There are serious ethical issues that big data scientists must be willing to address head on—and head on early enough in the research to avoid unintentionally hurting people caught up in the data dragnet.
In my critique of the Harvard Facebook study from 2010, I warned: The…research project might very well be ushering in “a new way of doing social science,” but it is our responsibility as scholars to ensure our research methods and processes remain rooted in long-standing ethical practices.
Data is already public.” This sentiment is repeated in the accompanying draft paper, “The OKCupid dataset: A very large public dataset of dating site users,” posted to the online peer-review forums of Some may object to the ethics of gathering and releasing this data.
However, all the data found in the dataset are or were already publicly available, so releasing this dataset merely presents it in a more useful form.
Michael Zimmer, Ph D, is a privacy and Internet ethics scholar.
He is an Associate Professor in the School of Information Studies at the University of Wisconsin-Milwaukee, and Director of the Center for Information Policy Research.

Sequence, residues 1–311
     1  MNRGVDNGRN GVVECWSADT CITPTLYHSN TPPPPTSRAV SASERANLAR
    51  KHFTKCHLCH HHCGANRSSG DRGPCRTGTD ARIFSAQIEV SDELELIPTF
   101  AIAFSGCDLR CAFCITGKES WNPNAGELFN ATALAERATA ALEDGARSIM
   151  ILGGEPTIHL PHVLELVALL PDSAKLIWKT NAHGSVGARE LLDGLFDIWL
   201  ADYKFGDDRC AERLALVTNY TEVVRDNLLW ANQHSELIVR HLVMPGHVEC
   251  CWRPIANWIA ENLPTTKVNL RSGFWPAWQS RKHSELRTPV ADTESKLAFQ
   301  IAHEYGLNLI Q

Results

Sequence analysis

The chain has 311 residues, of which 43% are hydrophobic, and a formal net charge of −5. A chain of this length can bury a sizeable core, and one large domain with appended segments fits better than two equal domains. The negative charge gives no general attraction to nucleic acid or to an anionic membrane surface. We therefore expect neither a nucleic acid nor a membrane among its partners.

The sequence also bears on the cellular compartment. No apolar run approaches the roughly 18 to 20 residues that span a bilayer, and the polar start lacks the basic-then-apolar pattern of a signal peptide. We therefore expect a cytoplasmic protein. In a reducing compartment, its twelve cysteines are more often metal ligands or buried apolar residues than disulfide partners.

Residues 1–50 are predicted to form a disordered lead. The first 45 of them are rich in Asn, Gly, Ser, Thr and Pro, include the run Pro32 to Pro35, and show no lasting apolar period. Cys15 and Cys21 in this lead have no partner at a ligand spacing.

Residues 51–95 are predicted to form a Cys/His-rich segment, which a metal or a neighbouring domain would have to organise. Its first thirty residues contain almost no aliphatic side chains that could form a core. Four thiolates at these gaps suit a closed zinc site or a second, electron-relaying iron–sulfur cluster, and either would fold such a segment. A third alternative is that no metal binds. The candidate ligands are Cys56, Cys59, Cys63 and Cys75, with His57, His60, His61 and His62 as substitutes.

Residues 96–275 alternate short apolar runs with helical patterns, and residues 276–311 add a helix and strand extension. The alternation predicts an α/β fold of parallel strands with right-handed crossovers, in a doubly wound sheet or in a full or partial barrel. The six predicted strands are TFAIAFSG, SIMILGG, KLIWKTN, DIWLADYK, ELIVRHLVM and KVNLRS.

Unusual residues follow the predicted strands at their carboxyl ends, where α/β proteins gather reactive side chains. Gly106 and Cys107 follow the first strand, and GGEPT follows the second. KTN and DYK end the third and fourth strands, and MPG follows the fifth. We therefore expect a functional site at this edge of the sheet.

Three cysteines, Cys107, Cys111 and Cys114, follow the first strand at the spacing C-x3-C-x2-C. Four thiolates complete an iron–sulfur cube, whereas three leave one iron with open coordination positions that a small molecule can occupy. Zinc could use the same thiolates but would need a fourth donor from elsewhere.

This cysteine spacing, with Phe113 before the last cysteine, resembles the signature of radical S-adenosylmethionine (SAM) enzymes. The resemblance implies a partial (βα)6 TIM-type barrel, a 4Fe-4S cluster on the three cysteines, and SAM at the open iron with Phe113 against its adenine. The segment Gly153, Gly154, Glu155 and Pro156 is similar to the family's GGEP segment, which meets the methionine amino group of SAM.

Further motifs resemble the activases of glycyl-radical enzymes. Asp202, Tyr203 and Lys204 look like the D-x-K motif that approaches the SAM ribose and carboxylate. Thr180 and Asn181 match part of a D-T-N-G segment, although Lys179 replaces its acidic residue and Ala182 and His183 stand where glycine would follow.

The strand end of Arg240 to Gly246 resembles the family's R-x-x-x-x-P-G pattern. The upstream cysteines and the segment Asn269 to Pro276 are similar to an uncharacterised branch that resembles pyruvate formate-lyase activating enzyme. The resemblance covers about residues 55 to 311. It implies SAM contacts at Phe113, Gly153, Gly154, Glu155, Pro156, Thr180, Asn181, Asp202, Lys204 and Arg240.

Concerns over consent, privacy and anonymity do not disappear simply because subjects participate in online social networks; rather, they become even more important. The Ok Cupid data release reminds us that the ethical, research, and regulatory communities must work together to find consensus and minimize harm.
Numerous posts interrogating the ethical dimensions of the research methodology have been removed from the Open open peer-review forum for the draft article, since they constitute, in Kirkegaard’s eyes, “non-scientific discussion.” (It should be noted that Kirkegaard is one of the authors of the article the moderator of the forum intended to provide open peer-review of the research.) When contacted by Motherboard for comment, Kirkegaard was dismissive, stating he “would like to wait until the heat has declined a bit before doing any interviews.
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